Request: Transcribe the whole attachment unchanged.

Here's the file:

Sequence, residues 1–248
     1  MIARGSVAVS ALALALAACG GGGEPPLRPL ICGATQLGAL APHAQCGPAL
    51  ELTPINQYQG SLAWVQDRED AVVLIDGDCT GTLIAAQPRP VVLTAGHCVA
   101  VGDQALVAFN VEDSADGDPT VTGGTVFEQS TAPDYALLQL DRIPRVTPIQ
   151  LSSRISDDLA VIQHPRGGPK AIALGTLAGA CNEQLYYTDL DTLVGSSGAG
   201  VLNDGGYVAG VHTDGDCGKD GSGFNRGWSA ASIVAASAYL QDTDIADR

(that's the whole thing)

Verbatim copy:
Sequence, residues 1–248
     1  MIARGSVAVS ALALALAACG GGGEPPLRPL ICGATQLGAL APHAQCGPAL
    51  ELTPINQYQG SLAWVQDRED AVVLIDGDCT GTLIAAQPRP VVLTAGHCVA
   101  VGDQALVAFN VEDSADGDPT VTGGTVFEQS TAPDYALLQL DRIPRVTPIQ
   151  LSSRISDDLA VIQHPRGGPK AIALGTLAGA CNEQLYYTDL DTLVGSSGAG
   201  VLNDGGYVAG VHTDGDCGKD GSGFNRGWSA ASIVAASAYL QDTDIADR